Japanese Particle Workbook

[Japanese grammar books]

Particles are an essential component of the Japanese language, and a facility with their use is essential for a mastery of both spoken and written forms. This new workbook will help students acquire that facility. It introduces 60 particles and their 188 basic functions in order of frequency of usage. Each function is illustrated with example sentences, and exercises are presented every few lessons to allow users to test their understanding, writing directly in the workbook and checking their work against the answers provided. A basic vocabulary is employed throughout to allow students to concentrate fully on one important goal—the mastery of Japanese particles.


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How to Tell the Difference between Japanese Particles

[Japanese grammar books]

<By grouping particles that are similar in function, this book helps students pin down differences in usage that would ordinarily take years to master. Definitions, sample sentences, usage notes, and quizzes enable students to move to a higher level of comprehension.


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A Dictionary of Japanese Particles

[Japanese grammar books]

For English-speaking students of Japanese, particles are perhaps the most difficult aspect of the language to learn. It would be no exaggeration to say that, for most people, they can never be completely mastered. Thus, the study of particles is a lifetime undertaking, and students need a lifelong companion to help them along the way. That companion is A Dictionary of Japanese Particles.


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Particle types in Japanese

Particle types in Japanese

It is possible to classify particles into case particles, focus particles, conjunctional particles, and sentence-final particles.

Particle types in Japanese

1. Case particles

Case particles usually follow nouns and express the function of the noun in the sentence or in the phrase. More specifically, they express the relationship between nouns, or between a noun and a verb or an adjective. Case particles include ga, o, ni, no, de, e, kara, made, to, ya, and ka.

ちちおとうとしかりました。
Chichi ga otōto o shikarimashita.
My father scolded my little brother.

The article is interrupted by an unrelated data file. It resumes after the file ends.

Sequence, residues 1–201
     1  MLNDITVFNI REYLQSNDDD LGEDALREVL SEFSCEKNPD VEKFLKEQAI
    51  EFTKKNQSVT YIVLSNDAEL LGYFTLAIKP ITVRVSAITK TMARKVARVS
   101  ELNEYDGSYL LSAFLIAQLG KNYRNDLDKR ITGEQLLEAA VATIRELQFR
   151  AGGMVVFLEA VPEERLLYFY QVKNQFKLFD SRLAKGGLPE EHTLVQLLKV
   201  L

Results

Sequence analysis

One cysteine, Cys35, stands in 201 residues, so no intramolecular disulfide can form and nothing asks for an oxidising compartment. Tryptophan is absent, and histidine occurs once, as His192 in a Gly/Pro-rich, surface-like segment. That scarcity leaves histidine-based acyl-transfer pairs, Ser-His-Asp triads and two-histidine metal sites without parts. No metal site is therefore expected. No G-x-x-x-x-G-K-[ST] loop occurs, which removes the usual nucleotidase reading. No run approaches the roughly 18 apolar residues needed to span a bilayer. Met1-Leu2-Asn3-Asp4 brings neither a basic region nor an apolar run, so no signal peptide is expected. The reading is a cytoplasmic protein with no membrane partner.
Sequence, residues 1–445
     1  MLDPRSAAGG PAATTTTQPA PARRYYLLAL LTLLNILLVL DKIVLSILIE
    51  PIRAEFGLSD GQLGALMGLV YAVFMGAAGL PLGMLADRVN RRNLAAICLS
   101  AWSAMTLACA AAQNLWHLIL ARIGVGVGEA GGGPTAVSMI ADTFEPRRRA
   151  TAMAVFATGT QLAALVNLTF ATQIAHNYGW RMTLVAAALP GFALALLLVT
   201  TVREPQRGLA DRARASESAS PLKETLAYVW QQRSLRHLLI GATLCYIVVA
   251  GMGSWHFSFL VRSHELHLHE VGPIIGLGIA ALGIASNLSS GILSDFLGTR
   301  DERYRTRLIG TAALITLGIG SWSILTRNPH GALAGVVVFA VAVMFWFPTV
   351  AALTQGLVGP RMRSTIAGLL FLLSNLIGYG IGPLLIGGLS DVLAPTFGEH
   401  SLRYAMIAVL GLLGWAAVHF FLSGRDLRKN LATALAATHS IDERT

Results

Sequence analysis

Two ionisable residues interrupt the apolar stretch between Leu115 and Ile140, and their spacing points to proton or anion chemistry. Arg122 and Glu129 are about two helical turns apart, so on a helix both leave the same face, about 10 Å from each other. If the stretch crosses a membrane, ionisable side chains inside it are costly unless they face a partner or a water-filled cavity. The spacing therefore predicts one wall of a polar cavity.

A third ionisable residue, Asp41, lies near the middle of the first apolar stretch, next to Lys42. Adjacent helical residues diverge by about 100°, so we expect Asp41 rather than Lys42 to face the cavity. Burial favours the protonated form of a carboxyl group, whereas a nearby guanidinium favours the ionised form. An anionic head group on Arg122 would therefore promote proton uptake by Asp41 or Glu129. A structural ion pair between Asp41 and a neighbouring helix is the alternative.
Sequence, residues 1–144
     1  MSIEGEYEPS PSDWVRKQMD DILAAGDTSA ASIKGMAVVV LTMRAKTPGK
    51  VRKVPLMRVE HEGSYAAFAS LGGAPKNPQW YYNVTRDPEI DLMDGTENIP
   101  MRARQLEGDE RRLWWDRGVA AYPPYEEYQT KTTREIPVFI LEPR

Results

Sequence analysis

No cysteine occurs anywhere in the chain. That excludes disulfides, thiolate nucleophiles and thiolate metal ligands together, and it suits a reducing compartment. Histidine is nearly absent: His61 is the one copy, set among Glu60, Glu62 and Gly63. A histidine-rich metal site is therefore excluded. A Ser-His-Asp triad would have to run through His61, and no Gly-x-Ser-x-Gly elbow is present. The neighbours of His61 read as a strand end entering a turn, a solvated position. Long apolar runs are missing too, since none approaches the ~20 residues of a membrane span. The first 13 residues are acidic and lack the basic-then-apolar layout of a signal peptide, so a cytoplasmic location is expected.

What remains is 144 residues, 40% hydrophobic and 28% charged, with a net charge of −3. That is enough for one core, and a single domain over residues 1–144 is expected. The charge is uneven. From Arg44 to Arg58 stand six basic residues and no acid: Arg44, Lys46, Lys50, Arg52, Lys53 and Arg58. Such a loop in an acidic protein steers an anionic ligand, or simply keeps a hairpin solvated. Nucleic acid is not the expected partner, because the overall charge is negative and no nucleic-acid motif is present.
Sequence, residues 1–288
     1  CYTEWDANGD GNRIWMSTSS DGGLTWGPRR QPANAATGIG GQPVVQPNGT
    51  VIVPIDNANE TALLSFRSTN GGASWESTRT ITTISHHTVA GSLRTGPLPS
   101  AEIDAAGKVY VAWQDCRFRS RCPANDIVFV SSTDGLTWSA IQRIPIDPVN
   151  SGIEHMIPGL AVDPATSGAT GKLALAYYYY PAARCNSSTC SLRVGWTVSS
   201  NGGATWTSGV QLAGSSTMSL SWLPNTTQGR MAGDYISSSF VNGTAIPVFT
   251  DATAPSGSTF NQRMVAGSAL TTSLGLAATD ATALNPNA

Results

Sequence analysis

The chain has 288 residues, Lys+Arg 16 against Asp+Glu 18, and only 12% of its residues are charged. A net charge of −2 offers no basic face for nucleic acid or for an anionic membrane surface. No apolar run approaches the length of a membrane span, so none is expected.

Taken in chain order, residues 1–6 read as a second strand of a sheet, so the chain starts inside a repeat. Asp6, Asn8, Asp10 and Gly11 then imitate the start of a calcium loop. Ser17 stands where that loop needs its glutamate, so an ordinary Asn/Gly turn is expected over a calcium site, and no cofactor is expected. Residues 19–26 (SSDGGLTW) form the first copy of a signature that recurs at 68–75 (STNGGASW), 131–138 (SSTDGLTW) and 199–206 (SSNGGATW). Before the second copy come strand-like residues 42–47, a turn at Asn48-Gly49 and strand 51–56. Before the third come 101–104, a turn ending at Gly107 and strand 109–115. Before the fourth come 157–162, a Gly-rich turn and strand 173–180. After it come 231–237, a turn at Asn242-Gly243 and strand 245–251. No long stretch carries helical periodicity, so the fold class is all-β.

友達ともだちいもうと来ました。
Watashi no tomodachi no imōto ga kimashita.
My friend’s younger sister came (here).

2. Focus particles

Focus particles follow words and another particle in order to focus on the entity denoted by the word and express sentence-external information such as the speaker’s knowledge, understanding, mood, attitude, and perspective. Focus particles include wa, mo, bakari, sae, demo, dake, shika, shi, and koso.

カラオケによく行きます。 居酒屋いざかやよく行きます。
Karaoke ni wa yoku ikimasu. Izakaya ni mo yoku ikimasu.
I go to karaoke very often. I also go to izakaya very often.

一万円しかありません。
Ichiman’en shika arimasen.
I have only 10,000 yen.

3. Conjunctional particles

Conjunctional particles follow phrases and clauses and conjoin verbs and adjectives or create adverbial phrases/clauses. Conjunctional particles include te, tari, tara, to, ka, ba, node, noni, kara, and ga.

昨日きのう飲んました。
Kinō wa tabete nonde nemashita.
I ate, drank, and slept yesterday.

明日の天気てんきはどうわかりません、たぶんれる思います。
Ashita no tenki wa dō ka wakarimasen ga, tabun hareru to omoimasu.
I’m not sure about tomorrow’s weather, but I think that it will probably be fine.

タバコは身体しんたいわるのでやめました。
Tabako wa karada ni warui node, yamemashita.
Cigarettes are not good for health, so I quit.

4. Sentence-final particles

Sentence-final particles are placed at the end of a sentence and specify the function of the sentence or show the speaker’s mood, attitude, or subtle implications. Sentence-final particles include ka, ne, yo, and na.

いいです
Ii desu ka. (question)
Is it okay?

あの人はきれいです
Ano hito wa kirei desu ne. (seeking agreement)
That person is pretty, isn’t she?

これは駄目だめです
Kore wa dame desu yo. (emphasis)
This one is not good.

あめかな
Ame wa furu kana. (speculation)
I wonder whether it will rain.

MASAHIRO TANIMORI – ERIKO SATO